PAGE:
Performance Mortgage - Posted by William Bronchick

Posted by William Bronchick on March 09, 2000 at 10:01:48:

? I have no idea.

Performance Mortgage - Posted by William Bronchick

Posted by William Bronchick on March 08, 2000 at 18:10:08:

This post is for the several people below who responded to my post about using a performance mortgage to protect yourself in a lease/option. The following is from my lease/options course:

"A performance mortgage is a very effective tool for protecting your interest. Typically, a mortgage is recorded to secure payments on a promissory note. In fact, a mortgage can be recorded to secure performance of any agreement that requires performance, even a contract or purchase option.

You as optionee (buyer) will now be a lienholder, in the same position as a secured lender. If the seller refuses perform on the option agreement (i.e., refuses to sell the property), he is in breach. The breach of the option agreement gives you the right to foreclose the property under the mortgage agreement. Now the SELLER has to go to court to protect himself, rather than the other way around.
If you are a secured lienholder under a performance mortgage, you have some other benefits, such as:

  • The right to redeem the property from foreclosure if the underlying mortgage is in default or foreclosed upon

  • The right to be insured as a lienholder

  • Securing the equity in the property from further liens and judgments

  • Better position than unsecured lienholders if the seller files for Bankruptcy protection.

Re: Performance Mortgage - Posted by Gene S Hou Tx

Posted by Gene S Hou Tx on March 08, 2000 at 23:32:28:

Hello Bill:
I have your course and I’m so glad you covered the perf DOT in it. You can bet I won’t be doing a s/w l/o without the 3 tiers of protection you teach! Your L/O course gave me a comfort level that I couldn’t get from the other guy.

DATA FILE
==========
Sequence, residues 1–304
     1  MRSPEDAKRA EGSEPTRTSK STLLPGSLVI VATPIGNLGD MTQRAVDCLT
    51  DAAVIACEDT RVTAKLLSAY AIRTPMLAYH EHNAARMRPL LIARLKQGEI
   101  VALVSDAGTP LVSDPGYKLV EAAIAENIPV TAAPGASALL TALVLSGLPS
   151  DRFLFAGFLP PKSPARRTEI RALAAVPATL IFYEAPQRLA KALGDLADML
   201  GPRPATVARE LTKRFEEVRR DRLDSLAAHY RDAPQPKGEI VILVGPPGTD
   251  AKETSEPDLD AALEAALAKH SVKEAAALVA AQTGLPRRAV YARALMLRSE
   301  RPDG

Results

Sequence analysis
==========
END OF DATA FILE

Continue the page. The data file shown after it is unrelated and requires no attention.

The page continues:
Here is something I have never been able to get a good answer on. I got a “Model L/O Agreement” written by an atty for MR LANDLORD. Under “Further Assurances” (of t/b) the atty has a clause as follows:

(B) A Second Mortgage covering the subject property, for the face amount of $20,000, non-recourse to the Landlord/seller, for the term hereof,granted to the favor of the tenant/buyer or its designee, in a form and manner suitable for public recording;and

© etc. etc,

My question is about the phrase “NON-RECOURSE”. Why do you think the atty has this wording in there? Is there something subtle I’m missing on this benefit to the L/S? Would it be a good idea to insert this language in the diskette I got from you? I’ve posted this before but I could tell by the answers everyone was confused. Thanks!

P.S. I’ll be seeing you at Las Vegas seminar!!!

Re: Performance Mortgage - Posted by JPiper

Posted by JPiper on March 09, 2000 at 10:43:15:

In the prior thread I gave my opinion on the clause. In some states a second mortgage would give you the right to pursue a deficiency judgment if you foreclosed on a property and then sold it for less than the loan amount. Non-recourse would eliminate that possibility.

However, think about it. When would this come into play? You already are under contract with a tenant/buyer. If he doesn’t exercise, then why would you be foreclosing with your performance mortgage? Why would you foreclose and sell for less and then pursue this deficiency? That strategy makes no sense. If the tenant did exercise, he would be paying a higher price, not a lower price, thereby eliminating the ability to pursue the deficiency judgment. I don’t see the value of the clause particularly.

JPiper

why not… - Posted by tang-0-rang

Posted by tang-0-rang on March 09, 2000 at 10:15:28:

…contact the author of the contract and ask what the wording does or is used for.
Todd Williamson